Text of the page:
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As Others Saw Him – In the Wake of Munich

Finest Hour 162, Spring 2014

Page 15

Compiled By Editors


What to Do?, 5 October

LONDON—A meeting at Brendan Bracken’s house to decide what we are going to do.  Are we to vote against the government or are we to abstain? We agree that the effect of our action would depend upon its joint character. It would be a pity if some of us voted against, and some abstained. It would be far more effective (since there is little hope of many voting against), if we all abstained. Winston says he refuses to abstain, since that would mean that he half agreed with Government policy. We decide that we must all do what we think best. [Thirty abstained, including WSC.]
HAROLD NICOLSON, MP (DIARY)

Winston Not, 5 October

LONDON—The reconstruction of the Government is urgent. I do not believe that there is any basis of a working agreement between Winston and ourselves. But as to Anthony [Eden], I would get him back if and when you can. —Samuel Hoare, Home Secretary

Weaker Brethren, 9 October

LONDON— I had to fight all the time against the defection of weaker brethren and Winston was carrying on a regular campaign against me…. I tried occasionally to take an antidote to the poison gas by reading a few of the countless letters and telegrams which continued to pour in expressing in most moving accents the writers’ heartfelt relief and gratitude. All the world seemed to be full of my praises except the House of Commons….
Neville Chamberlain, Prime Minister

Ought to Be interned, 11 October

NEW DELHI—Why, when there is a crisis, does Mr. Winston Churchill go to 10 Downing Street? Is he invited? I have got the greatest possible admiration for Mr. Churchill’s Parliamentary powers, and his artistic powers, but I have always felt that in a crisis he is one of the first people who ought to be interned.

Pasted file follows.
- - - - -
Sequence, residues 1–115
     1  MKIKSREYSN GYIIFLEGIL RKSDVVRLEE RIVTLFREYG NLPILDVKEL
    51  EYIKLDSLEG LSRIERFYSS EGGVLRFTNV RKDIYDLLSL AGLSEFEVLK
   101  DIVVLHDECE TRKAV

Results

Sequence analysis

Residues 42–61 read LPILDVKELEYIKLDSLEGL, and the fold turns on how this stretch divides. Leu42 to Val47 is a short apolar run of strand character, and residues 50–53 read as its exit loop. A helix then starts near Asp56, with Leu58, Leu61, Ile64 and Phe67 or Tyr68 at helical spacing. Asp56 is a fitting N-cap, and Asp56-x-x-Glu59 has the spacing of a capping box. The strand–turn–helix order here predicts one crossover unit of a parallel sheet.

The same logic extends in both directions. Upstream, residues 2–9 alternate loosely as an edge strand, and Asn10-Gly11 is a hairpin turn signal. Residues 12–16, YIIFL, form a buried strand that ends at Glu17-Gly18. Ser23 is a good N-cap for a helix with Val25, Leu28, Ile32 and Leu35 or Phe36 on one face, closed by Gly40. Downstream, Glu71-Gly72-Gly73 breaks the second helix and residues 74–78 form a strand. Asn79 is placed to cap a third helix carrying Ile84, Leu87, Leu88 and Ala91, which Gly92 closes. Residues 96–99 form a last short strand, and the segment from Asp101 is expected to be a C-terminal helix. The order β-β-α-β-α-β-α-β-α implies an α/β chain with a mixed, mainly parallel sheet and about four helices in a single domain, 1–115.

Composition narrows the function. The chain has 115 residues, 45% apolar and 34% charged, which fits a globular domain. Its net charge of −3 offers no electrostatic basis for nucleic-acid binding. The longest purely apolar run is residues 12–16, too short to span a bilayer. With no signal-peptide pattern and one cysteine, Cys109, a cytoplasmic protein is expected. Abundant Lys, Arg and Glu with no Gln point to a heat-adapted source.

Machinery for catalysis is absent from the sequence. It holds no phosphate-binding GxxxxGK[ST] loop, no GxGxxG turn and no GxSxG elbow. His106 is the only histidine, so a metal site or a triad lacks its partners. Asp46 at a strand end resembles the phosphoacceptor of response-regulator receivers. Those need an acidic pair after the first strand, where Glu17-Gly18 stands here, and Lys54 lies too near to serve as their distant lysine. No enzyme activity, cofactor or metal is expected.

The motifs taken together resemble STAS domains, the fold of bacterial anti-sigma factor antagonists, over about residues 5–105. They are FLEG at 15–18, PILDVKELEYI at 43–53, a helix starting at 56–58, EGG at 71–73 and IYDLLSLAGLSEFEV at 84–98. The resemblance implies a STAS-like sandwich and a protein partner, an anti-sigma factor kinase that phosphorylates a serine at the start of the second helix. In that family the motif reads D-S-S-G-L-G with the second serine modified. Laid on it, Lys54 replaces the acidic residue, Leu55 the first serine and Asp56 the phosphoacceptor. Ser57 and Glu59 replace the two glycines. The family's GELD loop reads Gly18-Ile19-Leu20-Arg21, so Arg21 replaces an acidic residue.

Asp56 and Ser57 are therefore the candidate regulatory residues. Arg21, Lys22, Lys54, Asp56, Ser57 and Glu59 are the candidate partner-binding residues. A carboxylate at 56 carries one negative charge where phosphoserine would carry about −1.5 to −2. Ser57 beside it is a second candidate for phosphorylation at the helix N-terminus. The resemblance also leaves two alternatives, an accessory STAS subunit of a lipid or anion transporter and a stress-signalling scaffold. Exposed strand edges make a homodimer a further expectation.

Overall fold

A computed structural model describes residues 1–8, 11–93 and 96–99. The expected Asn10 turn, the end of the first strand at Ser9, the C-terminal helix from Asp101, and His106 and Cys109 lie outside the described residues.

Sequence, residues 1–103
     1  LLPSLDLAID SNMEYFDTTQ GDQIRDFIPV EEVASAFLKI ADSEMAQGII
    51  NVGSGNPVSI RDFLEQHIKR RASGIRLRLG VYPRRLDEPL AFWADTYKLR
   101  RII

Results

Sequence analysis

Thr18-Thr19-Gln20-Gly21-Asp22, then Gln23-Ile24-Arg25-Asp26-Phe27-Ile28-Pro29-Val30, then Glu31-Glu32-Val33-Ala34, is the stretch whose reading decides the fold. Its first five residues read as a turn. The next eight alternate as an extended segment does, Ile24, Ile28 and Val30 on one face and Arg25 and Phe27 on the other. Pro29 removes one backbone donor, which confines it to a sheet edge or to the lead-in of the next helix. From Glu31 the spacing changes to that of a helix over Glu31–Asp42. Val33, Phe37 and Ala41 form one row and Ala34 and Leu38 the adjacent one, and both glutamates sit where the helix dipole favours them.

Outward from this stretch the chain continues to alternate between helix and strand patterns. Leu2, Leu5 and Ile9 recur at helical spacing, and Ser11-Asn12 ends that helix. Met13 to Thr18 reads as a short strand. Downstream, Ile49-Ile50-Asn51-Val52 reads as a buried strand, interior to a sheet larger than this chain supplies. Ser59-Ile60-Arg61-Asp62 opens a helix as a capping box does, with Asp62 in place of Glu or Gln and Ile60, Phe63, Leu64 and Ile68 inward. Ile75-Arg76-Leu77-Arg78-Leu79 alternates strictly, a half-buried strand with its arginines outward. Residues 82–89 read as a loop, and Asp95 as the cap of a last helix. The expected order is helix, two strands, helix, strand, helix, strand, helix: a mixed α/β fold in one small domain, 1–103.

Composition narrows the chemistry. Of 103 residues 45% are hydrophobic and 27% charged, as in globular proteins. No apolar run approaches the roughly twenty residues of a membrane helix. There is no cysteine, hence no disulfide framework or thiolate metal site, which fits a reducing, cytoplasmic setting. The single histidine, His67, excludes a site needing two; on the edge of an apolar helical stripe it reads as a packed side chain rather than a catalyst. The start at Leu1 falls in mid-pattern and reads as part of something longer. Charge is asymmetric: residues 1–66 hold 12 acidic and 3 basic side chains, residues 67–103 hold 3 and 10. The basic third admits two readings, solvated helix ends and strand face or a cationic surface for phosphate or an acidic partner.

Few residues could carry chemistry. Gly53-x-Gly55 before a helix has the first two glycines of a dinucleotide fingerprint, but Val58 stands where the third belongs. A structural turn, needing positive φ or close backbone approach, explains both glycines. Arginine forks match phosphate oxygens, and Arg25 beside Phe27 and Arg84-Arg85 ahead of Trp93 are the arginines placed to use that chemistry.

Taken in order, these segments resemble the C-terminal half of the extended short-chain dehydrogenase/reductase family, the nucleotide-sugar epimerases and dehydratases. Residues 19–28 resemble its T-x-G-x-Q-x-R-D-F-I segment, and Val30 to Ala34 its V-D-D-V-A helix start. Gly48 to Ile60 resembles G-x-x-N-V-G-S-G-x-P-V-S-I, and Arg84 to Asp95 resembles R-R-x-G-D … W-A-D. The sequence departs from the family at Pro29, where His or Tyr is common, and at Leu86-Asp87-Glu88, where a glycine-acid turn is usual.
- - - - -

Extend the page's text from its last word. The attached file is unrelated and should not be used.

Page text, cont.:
Lord Zetland, Secretary of State for India

Beautiful Speech, 23 October

NEW DELHI—What a beautiful speech that was of Winston’s….Lady Astor’s interpellations singularly inept! It must surely be true that those countries will, one after another, be drawn into this vast system of power politics….[Many] dread the power of Nazi Germany and of our becoming dependent upon their good will and pleasure. I can “arise again and take our stand for freedom as in the olden time.” Grand words…coming as they do from Winston—I never shall understand why we can’t have him in the Government.
—P.J. Grigg, Chairman, Inland revenue

The Last Seven Years, 26 October

TIDWORTH, WILTS.— The Government are blaming their failure to rearm in public on the Labour Party and in private on Lord Baldwin.…Neither are blameless, Baldwin more probably more culpable than any other individual BUT the big 4 [Chamberlain, Hoare, Halifax, Simon] have all held high office in British Cabinet for at least a year longer than Hitler has been Chancellor. Three of them date back to ’31 and Halifax to ’32….From every point of view I’m sure it is advisable to shift criticism from the events of September to those of the last 7 years.
Randolph Churchill, Army Officer

Idiocy and Stupidity, 6 November

WEIMAR— Mr. Churchill has declared openly that in his opinion the present regime in Germany should be abolished in cooperation with internal German forces who would put themselves gratefully at his disposal for the purpose. If Mr. Churchill had less to do with emigres, that is to say exiled foreign paid traitors, and more to do with Germans, then he would see the whole idiocy and stupidity of what he says. I can only assure this gentleman that there is in Germany no such power as could set itself against the present regime.
Adolf Hitler, Chancellor and Führer

Churchill replied: “I am surprised that the head of a great State should set himself to attack British Members of Parliament, who hold no official position, and who are not even the leaders of parties…. Since he has been good enough to give me his advice I venture to return the compliment. Herr Hitler also showed himself unduly sensitive about suggestions that there may be other opinions in Germany besides his own. It would be indeed astonishing if among eighty millions of people so varying in origin, creed, interest and condition, there should be only one pattern of thought. It would not be natural. It is incredible. That he has the power, and alas the will, to suppress all inconvenient opinions is no doubt true. It would be much wiser to relax a little, and not try to frighten people out of their wits for expressing honest doubts and divergences.

Warmongers, 13 November

LONDON— There is a deliberate German campaign to represent Anthony Eden, Winston, etc as warmongers so as to debar their return to power, as it is felt in Germany that they are the only people who understand the danger and would be able to rouse this country to take appropriate action.
—Oliver Harvey, Diplomat


From: Sir Martin Gilbert, The Churchill Documents, vol. 13 (Hillsdale College Press).

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